Water garden challenges
One challenge for Al and Toni is the giant maple tree next to their pond. “Everyone tells us we need to chop it down, and I keep telling them the tree stays,” Toni says. In the fall, a net on a domed PVC frame keeps the leaves out of the pond, and a hand skimmer helps keep the water clean.
Toni loves hearing the stream’s splashing through her open window on summer nights. Neighbors have told her they enjoy the peaceful sound, too. For Toni, a retired first-grade teacher, the best thing about pond is the tranquility it provides. “I remember coming home from school and sitting on the patio by the pond and it was just total relaxation.”
The Melsons’ yard holds more than just the water garden. “Al fancies himself a farmer, and he has this humongous vegetable garden,” Toni says. The Melsons use a lot of the produce, preserve some and share with their neighbors. They also donate hundreds of pounds to a local food shelf over the course of the summer. “Al really likes the process of doing it all, gets enjoyment out of growing, and it also makes you feel good knowing you can share it with people who are in need,” Toni says.
The Kirchners began water gardening in about 1995, when their 13-year-old son gave Jim a pump for Christmas. Jim, now semi-retired from a career working with fluid power, pumps and machinery parts, knew what the pump was and how to use it. The Kirchners started small, with a 90-gallon molded pond. Another molded container was positioned above it to create a little waterfall. In 1997, Jim and Sharon were some of the founding members of the MWGS.
A few years after the first pond, they added a second one. This pond is bigger, about 4-by-8 feet and with a large waterfall. The Kirchners’ third water feature is a 35-foot river in the front yard that flows into a small bog garden. “I took a gamble on divorce,” Jim quips, “because my wife didn’t want another water feature.” She went out of town and as soon as she left, Jim had all the materials delivered and 16 friends come over to help him. They dug and planted the whole thing in four days, finishing before Sharon got home.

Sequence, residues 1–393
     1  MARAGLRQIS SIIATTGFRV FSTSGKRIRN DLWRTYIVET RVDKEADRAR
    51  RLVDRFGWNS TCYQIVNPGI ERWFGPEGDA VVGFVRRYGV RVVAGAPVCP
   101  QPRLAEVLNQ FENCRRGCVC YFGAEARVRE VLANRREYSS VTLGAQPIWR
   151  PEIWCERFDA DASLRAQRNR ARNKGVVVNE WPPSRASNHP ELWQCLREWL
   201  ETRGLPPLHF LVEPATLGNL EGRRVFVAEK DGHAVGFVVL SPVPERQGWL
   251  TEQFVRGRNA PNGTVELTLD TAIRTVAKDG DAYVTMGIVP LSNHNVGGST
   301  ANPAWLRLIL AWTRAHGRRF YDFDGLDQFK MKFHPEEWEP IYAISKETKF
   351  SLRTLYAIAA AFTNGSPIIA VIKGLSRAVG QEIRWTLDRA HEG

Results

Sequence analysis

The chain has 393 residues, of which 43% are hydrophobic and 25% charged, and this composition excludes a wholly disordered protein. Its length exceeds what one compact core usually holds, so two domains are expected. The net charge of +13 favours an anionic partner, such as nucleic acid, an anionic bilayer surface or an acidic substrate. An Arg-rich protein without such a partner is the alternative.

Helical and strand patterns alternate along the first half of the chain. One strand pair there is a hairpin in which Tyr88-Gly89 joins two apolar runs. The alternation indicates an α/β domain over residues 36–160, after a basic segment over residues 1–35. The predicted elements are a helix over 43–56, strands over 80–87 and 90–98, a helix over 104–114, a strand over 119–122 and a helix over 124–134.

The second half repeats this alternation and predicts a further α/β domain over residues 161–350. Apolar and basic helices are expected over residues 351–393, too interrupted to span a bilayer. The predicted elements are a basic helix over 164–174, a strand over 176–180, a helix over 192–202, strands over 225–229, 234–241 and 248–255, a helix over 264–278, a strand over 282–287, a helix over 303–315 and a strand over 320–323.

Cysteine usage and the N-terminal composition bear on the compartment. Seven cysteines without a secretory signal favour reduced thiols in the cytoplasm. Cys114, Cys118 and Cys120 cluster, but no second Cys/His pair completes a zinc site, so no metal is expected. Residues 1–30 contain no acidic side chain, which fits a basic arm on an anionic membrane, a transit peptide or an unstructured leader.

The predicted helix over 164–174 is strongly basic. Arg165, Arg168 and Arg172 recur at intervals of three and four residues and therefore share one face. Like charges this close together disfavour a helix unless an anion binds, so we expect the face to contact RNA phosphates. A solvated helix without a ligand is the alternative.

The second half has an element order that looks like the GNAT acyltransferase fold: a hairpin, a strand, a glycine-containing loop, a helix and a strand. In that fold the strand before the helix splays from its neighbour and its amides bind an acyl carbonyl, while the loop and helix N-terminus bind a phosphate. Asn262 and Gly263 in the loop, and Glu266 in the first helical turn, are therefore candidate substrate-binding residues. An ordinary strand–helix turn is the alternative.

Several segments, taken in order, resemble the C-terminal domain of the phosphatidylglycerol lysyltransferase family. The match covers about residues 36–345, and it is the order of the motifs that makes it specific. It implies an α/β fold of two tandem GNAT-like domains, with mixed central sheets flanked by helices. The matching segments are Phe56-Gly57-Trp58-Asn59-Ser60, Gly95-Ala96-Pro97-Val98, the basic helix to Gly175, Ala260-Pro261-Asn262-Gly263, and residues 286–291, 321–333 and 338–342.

Their fourth water feature is a 3.5-by-7-foot pond next to the deck and the house itself, and serves as a winter holding pond for plants and fish. This pond is fed by a broad-faced waterfall, which can be heard from the master bedroom directly above it.
The first challenge of water gardening is learning how to put a water feature in, Jim says, and choosing which materials to use. The second challenge can be maintenance, but a well-designed feature shouldn’t require much work. The third challenge is knowing how to shut down your water feature and what to do in the winter. “The reason we started the organization is back in the early ’90s there was very little information about designing and maintaining water features,” Jim says, especially in
a cold climate.
Tips for newbies
First, go big. It’s very difficult to enlarge an existing pond.
Before you dig a hole, research. “It only costs $35 per couple per year to join the group, and you’ll get a wealth of information and ideas,” Toni Melson says.
“Once you dig a big hole, it’s hard to move it,” Jim Kirchner cautions. He strongly suggests spending some time learning about the various aspects of water gardening.
2018 Minnesota Water Garden Society Water Garden Tour
July 28 and 29, 9 a.m. to 5 p.m. each day
Tickets are $20, or $15 purchased in advance online, available starting June 1. Kids under 16 are free. More details will be available at mwgs.org in May.